SHANGHAI -- The "umbrella revolution" has come to an end. Post-occupied Hong Kong braces for an uncertain future. While pessimists predict nothing but doom and gloom, optimists, with good reason, believe that valuable lessons could be drawn from the "Occupy Central" fiasco and Hong Kong could come out stronger.
While they appear to be randomized blips on a map, this growing trend of unrest is actually a part of an ever-connected global movement for truly people-powered, open societies that, if successful, can shift not just geopolitics but our fundamental ability to achieve human rights, development, equality, and prosperity in every community around the world.
The natural evolution of Western democratic societies could be summed up this way: The first step is to develop the economy and the educational system. The second step is the establishment of a general culture for the citizens and the rule of law. The last step is democratization. If the above order is out of place, a society has to pay a severely heavy price.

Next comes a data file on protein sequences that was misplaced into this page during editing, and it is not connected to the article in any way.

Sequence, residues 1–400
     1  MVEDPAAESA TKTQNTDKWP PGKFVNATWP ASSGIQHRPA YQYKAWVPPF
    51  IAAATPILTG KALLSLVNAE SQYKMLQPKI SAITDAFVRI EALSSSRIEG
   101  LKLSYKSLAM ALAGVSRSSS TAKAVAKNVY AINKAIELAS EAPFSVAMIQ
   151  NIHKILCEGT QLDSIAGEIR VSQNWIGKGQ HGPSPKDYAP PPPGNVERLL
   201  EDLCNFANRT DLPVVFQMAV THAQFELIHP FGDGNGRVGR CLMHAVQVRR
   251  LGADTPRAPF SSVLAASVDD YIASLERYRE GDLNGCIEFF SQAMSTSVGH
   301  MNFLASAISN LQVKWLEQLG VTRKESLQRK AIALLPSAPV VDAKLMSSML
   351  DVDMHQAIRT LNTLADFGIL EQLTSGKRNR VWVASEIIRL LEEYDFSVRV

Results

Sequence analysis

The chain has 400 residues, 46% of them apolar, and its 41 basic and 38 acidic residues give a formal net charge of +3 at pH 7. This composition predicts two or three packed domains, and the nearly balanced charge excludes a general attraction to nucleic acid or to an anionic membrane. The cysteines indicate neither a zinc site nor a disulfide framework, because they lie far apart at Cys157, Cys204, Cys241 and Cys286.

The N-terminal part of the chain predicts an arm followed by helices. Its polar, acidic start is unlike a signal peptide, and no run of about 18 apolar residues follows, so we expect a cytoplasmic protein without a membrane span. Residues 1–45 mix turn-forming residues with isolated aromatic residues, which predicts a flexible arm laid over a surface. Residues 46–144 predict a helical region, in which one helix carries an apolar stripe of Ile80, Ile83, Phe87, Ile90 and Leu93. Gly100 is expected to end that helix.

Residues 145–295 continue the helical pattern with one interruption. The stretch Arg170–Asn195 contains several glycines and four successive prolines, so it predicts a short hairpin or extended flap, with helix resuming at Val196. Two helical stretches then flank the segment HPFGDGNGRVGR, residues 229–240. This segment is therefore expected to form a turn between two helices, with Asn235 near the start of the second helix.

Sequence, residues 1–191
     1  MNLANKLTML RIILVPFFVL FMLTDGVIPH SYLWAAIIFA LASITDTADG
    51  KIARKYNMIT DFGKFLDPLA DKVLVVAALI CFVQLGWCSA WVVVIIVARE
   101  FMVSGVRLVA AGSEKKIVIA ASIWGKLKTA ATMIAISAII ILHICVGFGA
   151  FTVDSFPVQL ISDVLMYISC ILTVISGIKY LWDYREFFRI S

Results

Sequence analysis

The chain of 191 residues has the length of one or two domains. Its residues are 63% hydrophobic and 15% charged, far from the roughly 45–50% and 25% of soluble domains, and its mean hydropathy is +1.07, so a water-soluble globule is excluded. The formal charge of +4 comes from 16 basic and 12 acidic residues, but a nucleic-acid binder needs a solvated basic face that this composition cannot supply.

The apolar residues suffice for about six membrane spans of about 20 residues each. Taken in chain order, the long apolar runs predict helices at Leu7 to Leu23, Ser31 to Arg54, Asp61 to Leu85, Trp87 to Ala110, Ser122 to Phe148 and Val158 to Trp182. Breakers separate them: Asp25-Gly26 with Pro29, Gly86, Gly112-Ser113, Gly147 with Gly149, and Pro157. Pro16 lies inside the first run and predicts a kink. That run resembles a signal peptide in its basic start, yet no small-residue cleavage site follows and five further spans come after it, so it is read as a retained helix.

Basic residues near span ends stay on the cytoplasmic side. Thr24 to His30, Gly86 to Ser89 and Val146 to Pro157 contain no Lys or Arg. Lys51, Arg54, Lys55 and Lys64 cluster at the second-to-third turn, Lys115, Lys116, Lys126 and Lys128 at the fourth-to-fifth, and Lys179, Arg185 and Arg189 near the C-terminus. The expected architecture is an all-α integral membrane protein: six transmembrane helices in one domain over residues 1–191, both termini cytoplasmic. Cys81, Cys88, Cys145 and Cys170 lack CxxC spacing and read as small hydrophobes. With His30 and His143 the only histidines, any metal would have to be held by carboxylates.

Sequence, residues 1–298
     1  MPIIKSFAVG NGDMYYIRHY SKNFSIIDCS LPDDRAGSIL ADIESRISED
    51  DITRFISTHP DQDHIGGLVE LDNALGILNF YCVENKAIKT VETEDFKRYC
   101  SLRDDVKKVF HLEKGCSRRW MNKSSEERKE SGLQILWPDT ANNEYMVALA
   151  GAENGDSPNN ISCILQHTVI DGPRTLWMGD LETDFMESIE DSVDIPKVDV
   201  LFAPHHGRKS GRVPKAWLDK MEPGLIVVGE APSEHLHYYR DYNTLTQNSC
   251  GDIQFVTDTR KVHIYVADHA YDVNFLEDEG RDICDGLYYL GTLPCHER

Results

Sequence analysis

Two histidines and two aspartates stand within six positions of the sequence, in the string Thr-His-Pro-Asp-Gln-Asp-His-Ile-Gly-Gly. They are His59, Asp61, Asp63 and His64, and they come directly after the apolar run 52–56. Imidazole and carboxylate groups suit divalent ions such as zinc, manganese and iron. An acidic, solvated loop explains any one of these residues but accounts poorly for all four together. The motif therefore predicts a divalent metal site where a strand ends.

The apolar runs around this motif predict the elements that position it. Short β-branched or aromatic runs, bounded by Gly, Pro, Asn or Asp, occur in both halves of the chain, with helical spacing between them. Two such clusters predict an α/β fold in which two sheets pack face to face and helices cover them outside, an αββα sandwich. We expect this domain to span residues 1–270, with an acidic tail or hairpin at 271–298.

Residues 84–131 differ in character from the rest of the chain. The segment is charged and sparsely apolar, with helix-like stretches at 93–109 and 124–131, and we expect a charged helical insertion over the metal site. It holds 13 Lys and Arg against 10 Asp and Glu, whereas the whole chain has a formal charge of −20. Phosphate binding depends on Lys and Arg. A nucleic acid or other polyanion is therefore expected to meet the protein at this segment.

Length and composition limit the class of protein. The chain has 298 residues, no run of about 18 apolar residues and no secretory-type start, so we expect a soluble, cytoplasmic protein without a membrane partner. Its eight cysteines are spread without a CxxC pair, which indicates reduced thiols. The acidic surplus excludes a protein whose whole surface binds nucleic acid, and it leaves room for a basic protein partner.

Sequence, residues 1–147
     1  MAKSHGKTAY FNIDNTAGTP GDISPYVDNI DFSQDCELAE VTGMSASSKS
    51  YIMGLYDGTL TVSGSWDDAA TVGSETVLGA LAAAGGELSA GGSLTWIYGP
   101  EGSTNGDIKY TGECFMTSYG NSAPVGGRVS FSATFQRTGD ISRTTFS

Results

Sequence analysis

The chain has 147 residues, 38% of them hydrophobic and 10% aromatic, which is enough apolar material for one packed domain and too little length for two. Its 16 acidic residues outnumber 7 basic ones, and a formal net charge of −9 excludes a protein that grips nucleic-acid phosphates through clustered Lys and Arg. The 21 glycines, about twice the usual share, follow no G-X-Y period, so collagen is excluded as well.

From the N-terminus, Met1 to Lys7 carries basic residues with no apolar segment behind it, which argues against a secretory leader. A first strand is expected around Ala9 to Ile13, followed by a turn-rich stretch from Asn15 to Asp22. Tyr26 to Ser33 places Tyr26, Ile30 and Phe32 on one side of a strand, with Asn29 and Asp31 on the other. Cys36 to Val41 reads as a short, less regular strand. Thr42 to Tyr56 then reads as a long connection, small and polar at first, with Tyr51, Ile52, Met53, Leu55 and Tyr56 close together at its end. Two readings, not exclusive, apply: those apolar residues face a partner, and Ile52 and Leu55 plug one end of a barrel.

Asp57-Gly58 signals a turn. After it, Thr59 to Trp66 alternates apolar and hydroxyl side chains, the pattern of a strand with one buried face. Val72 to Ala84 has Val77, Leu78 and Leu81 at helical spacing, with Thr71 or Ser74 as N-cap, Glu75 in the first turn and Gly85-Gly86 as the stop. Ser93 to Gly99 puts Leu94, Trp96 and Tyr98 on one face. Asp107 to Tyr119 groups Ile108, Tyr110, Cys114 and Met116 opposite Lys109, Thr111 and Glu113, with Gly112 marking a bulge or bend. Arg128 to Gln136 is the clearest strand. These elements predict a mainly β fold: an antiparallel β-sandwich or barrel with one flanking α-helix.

In its structure of combining selection and election, the emergent Hong Kong system is a kind of middle way between democratic consent and the idea of meritocratic guidance. In fact, the mechanism proposed to choose a chief executive is not so different from the Electoral College designed by American democracy's Founding Fathers. The idea, spelled out in Federalist Paper #68, was to "refine and enlarge the public views by passing them through the medium of a chosen body of citizens." But there needs to be a proper balance not yet achieved in Hong Kong.